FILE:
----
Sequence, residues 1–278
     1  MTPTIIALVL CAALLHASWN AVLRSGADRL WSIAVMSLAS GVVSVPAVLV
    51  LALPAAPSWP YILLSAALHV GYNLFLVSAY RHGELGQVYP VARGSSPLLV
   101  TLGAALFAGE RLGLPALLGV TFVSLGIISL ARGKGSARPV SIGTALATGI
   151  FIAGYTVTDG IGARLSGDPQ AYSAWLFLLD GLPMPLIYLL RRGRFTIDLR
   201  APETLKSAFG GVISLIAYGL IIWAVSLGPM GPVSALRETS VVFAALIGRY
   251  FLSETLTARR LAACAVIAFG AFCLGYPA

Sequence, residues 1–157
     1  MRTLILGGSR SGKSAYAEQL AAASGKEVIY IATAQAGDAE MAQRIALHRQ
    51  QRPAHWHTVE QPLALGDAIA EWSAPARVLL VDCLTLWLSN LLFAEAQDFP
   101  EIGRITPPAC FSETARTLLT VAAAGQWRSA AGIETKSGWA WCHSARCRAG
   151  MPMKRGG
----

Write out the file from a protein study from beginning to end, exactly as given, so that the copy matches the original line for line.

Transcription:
Sequence, residues 1–278
     1  MTPTIIALVL CAALLHASWN AVLRSGADRL WSIAVMSLAS GVVSVPAVLV
    51  LALPAAPSWP YILLSAALHV GYNLFLVSAY RHGELGQVYP VARGSSPLLV
   101  TLGAALFAGE RLGLPALLGV TFVSLGIISL ARGKGSARPV SIGTALATGI
   151  FIAGYTVTDG IGARLSGDPQ AYSAWLFLLD GLPMPLIYLL RRGRFTIDLR
   201  APETLKSAFG GVISLIAYGL IIWAVSLGPM GPVSALRETS VVFAALIGRY
   251  FLSETLTARR LAACAVIAFG AFCLGYPA

Sequence, residues 1–157
     1  MRTLILGGSR SGKSAYAEQL AAASGKEVIY IATAQAGDAE MAQRIALHRQ
    51  QRPAHWHTVE QPLALGDAIA EWSAPARVLL VDCLTLWLSN LLFAEAQDFP
   101  EIGRITPPAC FSETARTLLT VAAAGQWRSA AGIETKSGWA WCHSARCRAG
   151  MPMKRGG